The daily trading average of BitForex and FCoin are also noteworthy. BitForex boasts an average volume of $4,554,993,700.48 while FCoin reports an average volume of $1,297,487,170.95. Binance, on the other hand, an average of $1,157,417,451.60 for Q3.
With so many innovations, being as alert as possible of upcoming trends means observers are also aware of how to measure “successes” in the world of crypto. Indeed, keeping an eye on the rise of trans-fee exchanges, and what they mean for the ecosystem, should be a notable point for participants moving forward.
Where There’s Smoke, There’s an ICO: Whos Building What?
CoinGecko, as is to be expected, reported a tremendous drop in funds raised via initial coin offerings (ICOs). Comparatively, a total of $1.59 billion was raised in Q3, whereas Q2 boasted a whopping $7.73 billion. The bear market has also turned investors into the sharp-minded figures that will better shape innovation: “[CoinGecko is] seeing investors being savvier and investing in ICOs that are solving real-world problems such as the supply chain industry and P2P lending marketplaces.”
Practically speaking, this meant that the biggest ICO earners from Q3 included London Football Exchange ($71.32 million), GSC Aviation ($53.59 million), online.io ($50 million), alchemy ($46.62 million), and 4NEW ($45 million).
Outside of these sectors, investors are also pouring funds into bridgeware development and finding blockchain solutions for “existing business operations,” according to CoinGecko. As such, business platforms raked in $183 million, and cryptocurrency infrastructure came up second with $165 million raised in total. Ironically, the sector in which the least amount of funds were invested, were exchange-based tokens who pulled in a meager $1 million.
Regionally, Singapore (35), the United Kingdom (18), and the U.S. (15) attracted the highest number of ICOs globally. Overall, however, the ICO market was far less bullish than previous quarters. Investors have also realized that the only thing that matters for a token is that it gets listed on an exchange, as “only 7 ICOs managed to sustain their market capitalization valuation above the total amount raised” following an exchange listing.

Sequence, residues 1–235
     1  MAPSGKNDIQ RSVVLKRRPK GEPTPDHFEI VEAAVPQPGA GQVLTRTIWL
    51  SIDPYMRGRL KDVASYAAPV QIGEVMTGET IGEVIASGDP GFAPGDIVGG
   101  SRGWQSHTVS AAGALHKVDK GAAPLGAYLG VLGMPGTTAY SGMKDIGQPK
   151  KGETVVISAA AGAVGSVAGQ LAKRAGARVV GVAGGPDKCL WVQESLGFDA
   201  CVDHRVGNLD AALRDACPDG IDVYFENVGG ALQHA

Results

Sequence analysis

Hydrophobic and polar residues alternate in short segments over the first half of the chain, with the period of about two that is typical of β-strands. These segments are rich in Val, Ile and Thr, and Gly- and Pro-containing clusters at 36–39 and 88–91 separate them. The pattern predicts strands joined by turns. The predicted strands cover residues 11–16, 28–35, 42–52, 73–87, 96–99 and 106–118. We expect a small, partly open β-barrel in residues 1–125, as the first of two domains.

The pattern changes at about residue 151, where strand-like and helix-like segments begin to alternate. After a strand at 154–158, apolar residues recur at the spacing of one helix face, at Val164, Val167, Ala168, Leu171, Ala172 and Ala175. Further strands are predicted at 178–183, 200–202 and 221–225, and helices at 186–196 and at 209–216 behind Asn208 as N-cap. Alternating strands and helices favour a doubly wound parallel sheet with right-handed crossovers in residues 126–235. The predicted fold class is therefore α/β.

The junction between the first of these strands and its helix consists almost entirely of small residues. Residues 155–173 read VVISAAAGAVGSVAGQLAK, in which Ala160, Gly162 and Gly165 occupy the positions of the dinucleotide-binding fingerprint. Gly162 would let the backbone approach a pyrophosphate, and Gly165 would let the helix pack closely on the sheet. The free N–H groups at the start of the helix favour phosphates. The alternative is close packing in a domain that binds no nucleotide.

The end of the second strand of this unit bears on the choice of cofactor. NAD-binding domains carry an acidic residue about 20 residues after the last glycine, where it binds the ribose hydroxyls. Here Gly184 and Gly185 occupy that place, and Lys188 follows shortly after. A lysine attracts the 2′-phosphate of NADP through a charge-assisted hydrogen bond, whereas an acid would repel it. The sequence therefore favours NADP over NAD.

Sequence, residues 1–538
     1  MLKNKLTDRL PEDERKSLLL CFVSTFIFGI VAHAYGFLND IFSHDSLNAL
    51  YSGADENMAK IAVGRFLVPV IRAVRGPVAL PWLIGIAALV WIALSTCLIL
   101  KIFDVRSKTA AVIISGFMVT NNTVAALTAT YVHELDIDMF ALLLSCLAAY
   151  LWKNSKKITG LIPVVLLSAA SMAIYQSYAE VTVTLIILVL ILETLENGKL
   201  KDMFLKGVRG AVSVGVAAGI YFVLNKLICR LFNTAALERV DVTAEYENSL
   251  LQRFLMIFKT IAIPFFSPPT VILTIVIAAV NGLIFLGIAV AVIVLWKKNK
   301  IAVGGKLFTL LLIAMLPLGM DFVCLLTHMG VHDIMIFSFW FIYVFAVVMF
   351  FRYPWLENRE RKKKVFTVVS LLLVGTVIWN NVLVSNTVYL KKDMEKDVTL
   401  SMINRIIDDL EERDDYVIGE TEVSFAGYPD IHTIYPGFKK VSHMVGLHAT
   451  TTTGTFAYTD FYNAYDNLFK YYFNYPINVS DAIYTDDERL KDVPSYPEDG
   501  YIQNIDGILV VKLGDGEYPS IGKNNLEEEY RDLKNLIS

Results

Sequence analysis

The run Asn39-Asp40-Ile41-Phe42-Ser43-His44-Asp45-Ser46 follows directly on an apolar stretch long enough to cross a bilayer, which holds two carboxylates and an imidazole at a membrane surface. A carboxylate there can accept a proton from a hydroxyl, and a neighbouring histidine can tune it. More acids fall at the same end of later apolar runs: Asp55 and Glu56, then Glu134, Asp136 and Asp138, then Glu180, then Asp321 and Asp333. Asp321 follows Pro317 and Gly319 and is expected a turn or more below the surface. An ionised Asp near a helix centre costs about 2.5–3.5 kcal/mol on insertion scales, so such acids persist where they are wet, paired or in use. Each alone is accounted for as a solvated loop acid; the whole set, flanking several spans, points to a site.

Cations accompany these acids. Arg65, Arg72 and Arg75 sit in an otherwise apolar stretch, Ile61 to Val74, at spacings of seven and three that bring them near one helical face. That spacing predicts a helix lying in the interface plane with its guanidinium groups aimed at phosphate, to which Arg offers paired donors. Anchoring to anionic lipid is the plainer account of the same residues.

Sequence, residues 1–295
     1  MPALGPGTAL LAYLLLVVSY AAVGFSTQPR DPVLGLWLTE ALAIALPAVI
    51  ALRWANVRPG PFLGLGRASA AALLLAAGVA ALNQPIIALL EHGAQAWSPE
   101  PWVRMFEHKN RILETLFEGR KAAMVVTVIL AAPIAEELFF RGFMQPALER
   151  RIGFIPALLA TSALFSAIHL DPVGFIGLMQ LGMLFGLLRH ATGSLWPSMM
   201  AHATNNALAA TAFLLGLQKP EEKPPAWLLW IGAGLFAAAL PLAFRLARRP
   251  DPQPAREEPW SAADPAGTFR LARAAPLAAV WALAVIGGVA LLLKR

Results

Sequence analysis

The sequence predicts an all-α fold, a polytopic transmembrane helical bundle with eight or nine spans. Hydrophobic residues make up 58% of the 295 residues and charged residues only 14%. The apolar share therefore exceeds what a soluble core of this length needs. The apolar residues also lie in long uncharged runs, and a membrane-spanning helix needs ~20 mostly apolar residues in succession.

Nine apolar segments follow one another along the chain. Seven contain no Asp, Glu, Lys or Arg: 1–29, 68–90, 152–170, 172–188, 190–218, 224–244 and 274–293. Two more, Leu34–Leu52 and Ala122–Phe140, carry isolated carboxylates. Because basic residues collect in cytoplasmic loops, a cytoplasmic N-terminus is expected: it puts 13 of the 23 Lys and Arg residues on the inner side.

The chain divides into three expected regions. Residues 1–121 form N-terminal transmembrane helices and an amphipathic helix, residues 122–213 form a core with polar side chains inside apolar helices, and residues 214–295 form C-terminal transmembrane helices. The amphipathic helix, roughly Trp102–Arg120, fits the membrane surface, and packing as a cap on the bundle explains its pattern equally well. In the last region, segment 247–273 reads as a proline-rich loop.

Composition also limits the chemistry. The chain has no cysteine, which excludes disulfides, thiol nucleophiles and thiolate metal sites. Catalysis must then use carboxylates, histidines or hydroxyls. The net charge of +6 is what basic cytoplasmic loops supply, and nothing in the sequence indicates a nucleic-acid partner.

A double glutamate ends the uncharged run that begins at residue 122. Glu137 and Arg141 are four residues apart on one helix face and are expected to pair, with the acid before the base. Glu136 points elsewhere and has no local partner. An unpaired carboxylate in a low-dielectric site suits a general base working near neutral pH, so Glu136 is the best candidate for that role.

Finally, if an investor had invested $100 into the 34 ICOs that were listed on exchanges in Q3, they would have ended with a net loss of $749 on September 30, 018.
Masternodes and Non-Fungible Tokens
Unless spectators been following DASH and CryptoKitties closely enough, it’s possible that the discussion around NFTs and masternodes likely skipped past unobserved. Despite the underwhelming response to these two sectors from the mainstream conversation, TM Lee is convinced that they will be rising to the top very soon. He explained to BTCManager in an interview that:
“While observing the space, the topic of Masternodes and NFTs have always been at the back of our head. We hear a lot about people running masternodes, both as a mean of supporting a network and also as a method of earning some yield.”
The incentive model for running a masternode with a network makes sense. Operators earn a small return for maintaining the integrity of the network and the bottleneck that faces much larger public blockchains is skirted. However, CoinGecko’s Q3 report revealed that of the top ten masternode coins, only three showed positive gains.
Regarding the rise of NFTs, Lee reminded that “with the influx of projects like collectibles, games, land, asset tokenization, and many more; we think this is a space that will only continue to develop moving forward.” He also pointed out that for founders, the space looks promising despite its handful of faults:
“The NFTs space is relatively new and young, which points to potential future growth. However, there are still plenty of problems that remain to be solved, which also means more opportunities for founders to build something in this space.”
As for the rest of the crypto industry, security tokens and their regulation were a hot topic, and CoinGecko covered the rise of this. Like the rest of crypto, many still aren’t sure how these tokens and their subsequent offerings will pan out. The exclusion of stablecoins wasn’t lost on the team either, and Lee explained that “the recent introduction of new stablecoins coming into the market, and also what is happening over with Tether, the market demands more understanding regarding this space.”